This is a time of great change and uncertainty on many fronts in health care, and in cardiology in particular. From new research casting doubts on previously promising procedures (eg, the results from the Symplicity HTN-3 trial released at the 2014 ACC meeting that called into question the usefulness of renal denervation for treating resistant hypertension) to the continued chaos and turmoil surrounding the implementation and future of the Affordable Care Act (ACA), it seems the news raises more questions than it answers.
his is a time of great change and uncertainty on many fronts in health care, and in cardiology in particular. From new research casting doubts on previously promising procedures (eg, the results from the Symplicity HTN-3 trial released at the 2014 ACC meeting that called into question the usefulness of renal denervation for treating resistant hypertension) to the continued chaos and turmoil surrounding the implementation and future of the Affordable Care Act (ACA), it seems the news raises more questions than it answers.
Even an area such as health information technology that seems like it should be more settled at this point remains a source of great frustration and uncertainty for cardiologists. After all, it’s been 10 years since the position of National Coordinator for Health Information Technology was created, and 5 years since the passage of the HITECH Act, which allocated tens of billions of dollars to promote and expand the adoption of health information technology. Yet after all this time, effort, and money, it seems we are still grappling with the same challenges and obstacles when it comes to implementing electronic health records (EHRs).
An article published recently in TCTMD noted the ongoing limitations of current EHRs are proving highly frustrating to cardiologists, especially because of the cost associated with implementing these systems and the potential reimbursement penalties for those physicians who cannot demonstrate “meaningful use” of their EHR system.
And time is running out on physicians who have not yet implemented an EHR system in their practice. According to TCTMD, “Eligible providers who do not demonstrate ‘meaningful use’ before the first day of 2015… will be subject to an annual, cumulative reimbursement penalty for each year they remain noncompliant. 2015 is the last year to begin participation in the Medicare EHR incentive program.”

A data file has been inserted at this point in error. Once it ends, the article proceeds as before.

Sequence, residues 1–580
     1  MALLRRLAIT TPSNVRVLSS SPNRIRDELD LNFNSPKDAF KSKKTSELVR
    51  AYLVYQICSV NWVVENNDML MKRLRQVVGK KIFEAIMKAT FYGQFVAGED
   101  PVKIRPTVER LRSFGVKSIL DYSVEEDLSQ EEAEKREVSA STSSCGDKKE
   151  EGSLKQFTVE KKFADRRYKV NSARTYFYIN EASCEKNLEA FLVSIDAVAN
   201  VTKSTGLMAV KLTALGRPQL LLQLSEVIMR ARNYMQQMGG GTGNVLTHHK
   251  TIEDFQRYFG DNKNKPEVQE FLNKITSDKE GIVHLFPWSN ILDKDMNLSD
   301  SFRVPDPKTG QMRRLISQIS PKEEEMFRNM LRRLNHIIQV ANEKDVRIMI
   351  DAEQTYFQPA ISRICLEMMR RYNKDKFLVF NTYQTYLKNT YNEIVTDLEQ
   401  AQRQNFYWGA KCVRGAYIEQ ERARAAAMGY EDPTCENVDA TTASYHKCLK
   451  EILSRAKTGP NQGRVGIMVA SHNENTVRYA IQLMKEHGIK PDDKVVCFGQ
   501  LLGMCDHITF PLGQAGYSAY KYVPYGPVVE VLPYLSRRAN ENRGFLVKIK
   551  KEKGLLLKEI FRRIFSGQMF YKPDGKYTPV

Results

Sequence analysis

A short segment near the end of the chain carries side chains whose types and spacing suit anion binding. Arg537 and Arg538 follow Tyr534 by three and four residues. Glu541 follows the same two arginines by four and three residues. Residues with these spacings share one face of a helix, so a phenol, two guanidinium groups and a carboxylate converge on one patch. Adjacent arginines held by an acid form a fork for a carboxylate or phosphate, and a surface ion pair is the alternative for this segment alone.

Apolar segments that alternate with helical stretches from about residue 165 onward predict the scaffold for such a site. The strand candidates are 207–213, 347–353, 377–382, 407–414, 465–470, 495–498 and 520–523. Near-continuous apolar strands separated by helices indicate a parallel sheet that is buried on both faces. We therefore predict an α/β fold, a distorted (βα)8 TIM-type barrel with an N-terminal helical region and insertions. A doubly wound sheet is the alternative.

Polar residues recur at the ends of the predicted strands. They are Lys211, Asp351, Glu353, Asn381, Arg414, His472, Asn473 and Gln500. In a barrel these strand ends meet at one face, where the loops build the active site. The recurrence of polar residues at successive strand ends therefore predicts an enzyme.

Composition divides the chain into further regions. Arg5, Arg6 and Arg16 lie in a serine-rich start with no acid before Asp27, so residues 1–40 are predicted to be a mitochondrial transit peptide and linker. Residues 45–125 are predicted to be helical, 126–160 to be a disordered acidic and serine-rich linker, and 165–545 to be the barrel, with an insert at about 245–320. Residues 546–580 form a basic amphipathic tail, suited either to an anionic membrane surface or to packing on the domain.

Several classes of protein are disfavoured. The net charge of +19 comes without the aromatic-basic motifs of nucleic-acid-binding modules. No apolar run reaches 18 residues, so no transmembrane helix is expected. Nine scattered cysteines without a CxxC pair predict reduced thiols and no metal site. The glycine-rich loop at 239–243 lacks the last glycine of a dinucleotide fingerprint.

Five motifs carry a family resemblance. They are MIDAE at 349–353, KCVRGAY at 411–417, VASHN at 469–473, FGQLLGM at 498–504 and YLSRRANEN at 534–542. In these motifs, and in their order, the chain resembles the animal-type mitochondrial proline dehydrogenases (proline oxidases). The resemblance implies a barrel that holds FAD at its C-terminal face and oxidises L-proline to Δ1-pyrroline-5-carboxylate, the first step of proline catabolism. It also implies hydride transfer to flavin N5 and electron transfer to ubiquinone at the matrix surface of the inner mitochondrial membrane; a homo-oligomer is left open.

This is potentially a problem for the specialty. One cardiologist quoted in the article noted that “cardiologists have been struggling with how to meet the requirements for implementing an EHR, choosing which EHR, and then altering how they have always delivered care in their practices to fit around EHRs.”
One cause of these difficulties, according to another cardiologist interviewed for the article,” is that although “interventional cardiology and the entire cardiology spectrum tend to be very data intensive and data rich,” the data entry and capture abilities of the current crop of EHR options make it very difficult to extract needed clinical data and share it with other EHR systems. They are described in the article as “very broad but not particularly deep,” functioning mainly as “repositories of blobs of information” rather than offering the truly comprehensive data management tools that their manufacturers have promised.
These qualities—obstacles to meaningful use that is tied to reimbursement, an inability to usefully organize and retrieve clinical data, lack of communication between systems and specialties—have combined with others to produce drastic declines in productivity and the sense among many cardiologists and other physicians who use these systems that their encounters with patients have become depersonalized, with clinicians spending more time interacting with the EHR than with the patient sitting in front of them. While there have been some improvements to these systems over time, the results continue to underwhelm.
In the title of this piece, I asked “Who is driving innovation in cardiology?” When it comes to health technology and reimbursement (2 of the 3 legs of the modern health care tripod, with research being the third), it’s clear that the federal government, rather than the market, has its hands on the wheel and is driving us into an uncertain future. In the article mentioned above, one frustrated cardiologist lamented that “We’re doing all this stuff for the government, jumping through their hoops, when a lot of this stuff is just not ready for prime time.”
The government has devoted years and billions of dollars to pushing its version of health IT, and is currently doing the same on an even grander scale with the ACA when it comes to health insurance and reimbursement. Is this the kind of “innovation” we need?
Thank you for reading!
Chairman and CEO